Monday, March 15, 2010

"Different Does Not Mean Bad": Another Coffee Time Interview with a Canadian Teacher in London, England

Thanks to Aleks for completing a Coffee Time interview to help you see what it's really like to teach in London, England.  Aleks is a fabulous writer, blogger and teacher with Classroom Canada

Name: Aleksandra Sagan

University: York University
Subjects: Intermediate/Senior; English and Individual and Society
Ages You Teach: Elementary, Secondary, and Special Needs

How long have you been teaching in London?

I have been teaching in London for exactly three months.
What do you teach?
I started out in London only wanting to supply teach. I really enjoyed walking into a different classroom everyday and experiencing new students, experimenting with different classroom management techniques, seeing different parts of the London suburbs, and observing various school's policies.

Currently, I have found myself committing to a long term placement as an English as a Second Language and Booster teacher for four Year Six students. Each student has his own unique background: a Polish speaking gifted student, a Portuguese speaking student from Africa with no prior formal schooling, and two low level Numeracy and Literacy students. I spend my days jumping from teaching phonics to translating Polish and from explaining geometry to teaching counting. It started as a three week placement, but with how happy I found myself there I was eager to commit for longer.
Why did you chose to work with Classroom Canada?

I spoke with a lot of agencies before choosing and being chosen by Classroom Canada.

Other agencies always left me with unease after I spoke with them. This was not because of how impersonal their process felt, but because they seemed to aim for recruiting the largest quantity of teachers rather than quality teachers. As someone heading in to do supply work, this method worried me because I did not want to be competing for work against hundreds of teachers within an agency that did not know my name.

Classroom Canada never left me feeling uneasy. After speaking to Victoria for the first time I knew that this was my top choice agency. She aimed for quality over quantity. In fact, her interview was the only one that did not feel like a sales pitch to recruit me, but rather I had to prove my worth to the agency. By the end of the interview Victoria knew my name, shared in my love of running, and answered all of my questions. I felt like I had found a reliable service that treated me as individual and would do their best to find me work in London.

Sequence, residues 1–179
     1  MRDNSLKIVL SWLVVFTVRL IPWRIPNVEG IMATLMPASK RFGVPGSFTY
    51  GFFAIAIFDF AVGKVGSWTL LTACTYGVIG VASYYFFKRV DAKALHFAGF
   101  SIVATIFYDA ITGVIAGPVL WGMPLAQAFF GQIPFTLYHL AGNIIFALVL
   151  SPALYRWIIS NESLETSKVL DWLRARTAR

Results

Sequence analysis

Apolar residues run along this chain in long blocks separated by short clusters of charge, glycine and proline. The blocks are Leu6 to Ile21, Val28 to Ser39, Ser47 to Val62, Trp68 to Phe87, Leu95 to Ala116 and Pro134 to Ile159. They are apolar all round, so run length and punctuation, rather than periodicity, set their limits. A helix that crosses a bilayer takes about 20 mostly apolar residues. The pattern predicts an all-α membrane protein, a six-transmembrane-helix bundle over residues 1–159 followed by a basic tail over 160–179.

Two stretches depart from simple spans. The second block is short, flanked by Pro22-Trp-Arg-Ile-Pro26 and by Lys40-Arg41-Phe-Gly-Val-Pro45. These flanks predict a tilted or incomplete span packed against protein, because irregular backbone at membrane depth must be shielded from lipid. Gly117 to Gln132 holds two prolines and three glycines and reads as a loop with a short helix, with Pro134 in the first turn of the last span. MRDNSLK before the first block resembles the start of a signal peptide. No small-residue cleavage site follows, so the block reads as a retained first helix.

What was the biggest adjustment for you to make in your teaching in London compared to Canada?
I think that one of the biggest adjustments that I had to make was accepting that students in London have not been taught to have a lot of initiative and working at not blaming the students for this. For example, students in London will incessantly ask you if they should write the long or the short date, if they should start a fresh page for their assignment, if they should use their maths or literacy pencils, et cetera. In Canada, these are decisions that students make themselves. However, in London these types of things are much more structured and they are used to having the teacher guide them in these decisions. It has been hard not to get frustrated when twelve students ask me the same question, but I am learning to focus on giving more clear instructions that cover these points prior to them beginning their work.
Describe a typical London day in 3-4 sentences.
A London day is anything but typical, with the only predictable parts of my day being my wake up time and my workout routine, and that is what I love about it. Supply teaching and London school children keep me on my toes all day, which means that one day I might be teaching Spanish and the next day I might be reading stories out loud to Nursery students.
What is the one piece of advice you can offer a Canadian teacher considering the move to London?

Ask yourself why you are choosing to come here. Consider another route if somewhere in your answers you do not mention these key terms: to gain teaching experience, to learn more classroom management techniques, to broaden my understanding of teaching practices, and to become a better teacher.